Richard Rogers balances his final building over Provence vineyard
Pritzker Prize-winning architect Richard Rogers has completed his final building – a gallery that cantilevers 27 metres out above the hillside at the Château La Coste vineyard in southern France.
Named The Richard Rogers Drawing Gallery, the project was the last work produced by the architect before his retirement from Rogers Stirk Harbour + Partners (RSHP) – the studio he founded in 1977.
The 120-square-metre art gallery is almost entirely suspended off the ground with only four small footings touching the ground.
It is supported within a bright-orange structure that is visible on the outside like many of the seminal buildings designed by the high-tech architecture pioneer including the Centre Pompidou and the Lloyds building.
"The gallery embodies many of the core design principles found throughout the work of Richard and RSHP," explained Stephen Spence, associate partner at RSHP.
"This includes 'legibility' – you look at the building and can read its components parts – you understand how the building works and the function of each element," he told Dezeen.
"Flexibility is always key – the design needs to cater for future exhibitions yet unplanned."
The small pavilion is the latest architectural intervention at the Château La Coste vineyard, joining buildings by fellow Pritzker Prize-winners Tadao Ando, Jean Nouvel and Renzo Piano as well as Frank Gehry's 2008 Serpentine Pavilion.
Rogers chose to place the gallery pavilion, which projects 27 metres from the hillside, at the edge of the vineyard alongside a former Roman road to take advantage of views across the site.
"The desire was for the gallery to have 'a view' – a view over the Chateau La Coste vineyards and the Luberon mountains beyond," said Spence.
"To do so, the gallery had to literally 'soar' through the tree tops. The viewpoint identified was a heavily wooded steep ridge," he continued. "The site therefore necessitated a more ambitious structural solution."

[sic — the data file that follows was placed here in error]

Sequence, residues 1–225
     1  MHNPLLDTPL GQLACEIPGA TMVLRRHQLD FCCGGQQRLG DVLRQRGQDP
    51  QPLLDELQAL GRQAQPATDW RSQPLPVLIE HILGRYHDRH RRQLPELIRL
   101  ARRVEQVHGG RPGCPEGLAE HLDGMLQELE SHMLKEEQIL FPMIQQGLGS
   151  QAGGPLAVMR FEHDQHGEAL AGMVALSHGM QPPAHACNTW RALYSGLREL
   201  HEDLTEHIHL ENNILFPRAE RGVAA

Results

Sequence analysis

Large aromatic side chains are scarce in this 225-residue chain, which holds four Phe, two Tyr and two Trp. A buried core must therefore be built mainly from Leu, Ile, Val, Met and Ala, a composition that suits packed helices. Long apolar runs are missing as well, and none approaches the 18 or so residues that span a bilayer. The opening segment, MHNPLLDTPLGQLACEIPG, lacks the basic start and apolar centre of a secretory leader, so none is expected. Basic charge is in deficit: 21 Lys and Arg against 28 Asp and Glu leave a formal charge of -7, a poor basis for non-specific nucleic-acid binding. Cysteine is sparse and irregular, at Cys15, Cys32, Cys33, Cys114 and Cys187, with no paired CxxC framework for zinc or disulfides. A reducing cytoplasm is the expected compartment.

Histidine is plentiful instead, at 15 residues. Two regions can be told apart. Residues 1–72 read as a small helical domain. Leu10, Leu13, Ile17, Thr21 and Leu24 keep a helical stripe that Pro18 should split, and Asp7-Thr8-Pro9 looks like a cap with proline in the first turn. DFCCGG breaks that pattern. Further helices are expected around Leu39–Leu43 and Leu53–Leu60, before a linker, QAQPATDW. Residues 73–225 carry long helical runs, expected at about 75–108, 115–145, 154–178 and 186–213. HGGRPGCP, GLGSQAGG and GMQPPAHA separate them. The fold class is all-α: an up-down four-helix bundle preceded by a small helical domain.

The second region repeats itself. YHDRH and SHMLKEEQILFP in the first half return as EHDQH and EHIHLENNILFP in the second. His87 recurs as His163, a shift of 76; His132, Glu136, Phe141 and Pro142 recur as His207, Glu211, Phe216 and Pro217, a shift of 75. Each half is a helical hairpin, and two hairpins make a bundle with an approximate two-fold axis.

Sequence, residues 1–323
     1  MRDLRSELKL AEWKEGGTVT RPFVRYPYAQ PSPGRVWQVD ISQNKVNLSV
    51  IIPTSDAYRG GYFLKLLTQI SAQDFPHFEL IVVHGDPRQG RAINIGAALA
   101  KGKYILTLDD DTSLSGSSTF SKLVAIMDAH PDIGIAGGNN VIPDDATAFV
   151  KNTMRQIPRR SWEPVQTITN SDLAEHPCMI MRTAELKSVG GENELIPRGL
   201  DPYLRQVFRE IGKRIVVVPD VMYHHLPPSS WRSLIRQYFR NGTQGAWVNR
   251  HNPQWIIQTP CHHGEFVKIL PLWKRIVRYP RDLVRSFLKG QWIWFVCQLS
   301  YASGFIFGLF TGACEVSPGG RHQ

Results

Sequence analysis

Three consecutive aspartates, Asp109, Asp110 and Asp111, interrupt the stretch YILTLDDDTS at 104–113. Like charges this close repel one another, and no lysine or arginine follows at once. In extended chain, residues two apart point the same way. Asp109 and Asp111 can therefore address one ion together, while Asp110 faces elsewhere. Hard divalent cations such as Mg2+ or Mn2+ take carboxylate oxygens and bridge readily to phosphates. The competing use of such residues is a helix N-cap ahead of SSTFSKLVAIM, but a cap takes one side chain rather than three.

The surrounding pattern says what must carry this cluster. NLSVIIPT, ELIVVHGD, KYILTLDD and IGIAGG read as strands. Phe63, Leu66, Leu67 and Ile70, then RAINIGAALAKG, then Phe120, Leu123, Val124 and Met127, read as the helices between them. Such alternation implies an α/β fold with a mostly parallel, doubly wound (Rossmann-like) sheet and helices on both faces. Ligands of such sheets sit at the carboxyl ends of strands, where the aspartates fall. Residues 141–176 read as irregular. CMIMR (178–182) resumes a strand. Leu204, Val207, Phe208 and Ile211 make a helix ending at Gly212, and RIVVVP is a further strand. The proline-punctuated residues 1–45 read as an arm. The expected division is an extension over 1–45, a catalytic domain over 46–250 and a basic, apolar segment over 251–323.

The structure and form of the gallery, which contains one white room that ends with a full-height, full-width window, was derived from the desire to frame this view.
"The visual impact is a consequence of the decisions taken through the design process," explained Spence.
"The client, from seeing the initial sketches, was adamant that no compromises were to be made to the design concept and so the result is more the logical conclusion rather than a preconceived intention."
The gallery, which is accessed across a short bridge, was designed so that it only touches the ground in four places.
Two pivot points were placed at the edge of the hillside, while two sets of tension rods tie the building to the ground to create the cantilever.
"Given the beauty of the Provence landscape it was always the intention to minimize any 'man-made' intervention – the building was to 'touch the ground lightly' minimising the building footprint," said Spence.
"Contact with the ground is only made in four locations."
The steel structure was fabricated by Bysteel as a lightweight kit of parts that could be transported to site on a tractor and assembled by hand.
As the structure was designed to be on show, the studio aimed to create elegant joint details.
"With all the connection details visible, considerable time and effort was taken to ensure that this articulation was refined to a sophisticated level – all connections were designed to be hand fixed," added Spence.
Overall Spence believes that The Richard Rogers Drawing Gallery is a fitting final project for Rogers.
"For Richard, the importance was always to get a good client, a good team and then through dialogue, a good brief," he said.
"Only by asking the right questions would you get the right answers. Each building, therefore, became the consequence of a discussion – importantly, one which could then be explained and defended – as is often required – with a strong conviction and resolve," he continued.
"As such, the Rogers Gallery fits perfectly."
High-tech pioneer Rogers is one of the world's most well-respected architects. Along with the Pritzker Architecture Prize he has been awarded the Royal Gold Medal, American Institute of Architect's Gold Medal and Praemium Imperiale, while his studio won the UK's Stirling Prize twice.
Last year he retired from the studio, which was renamed Rogers Stirk Harbour + Partners in 2007, after 43 years.
Photography is by Stéphane Aboudaram / We Are Content(s) unless stated. Main image by James Reeve.
Architect: Rogers Stirk Harbour + Partners
Local architect: Demaria Architecture
Client: Chàteau La Coste/Paddy Mc Killen
Structural engineer: Lang Engineering Consultancy
Project manager: Rainey + Best
Steel Works: Bysteel
Building enclosure: Setanta Construction
Specialist engineering: Hasson Engineering Solutions
Bureau d'études structures: ATES
Internal fit out: SCEA Château La Coste, IDME France, ACM France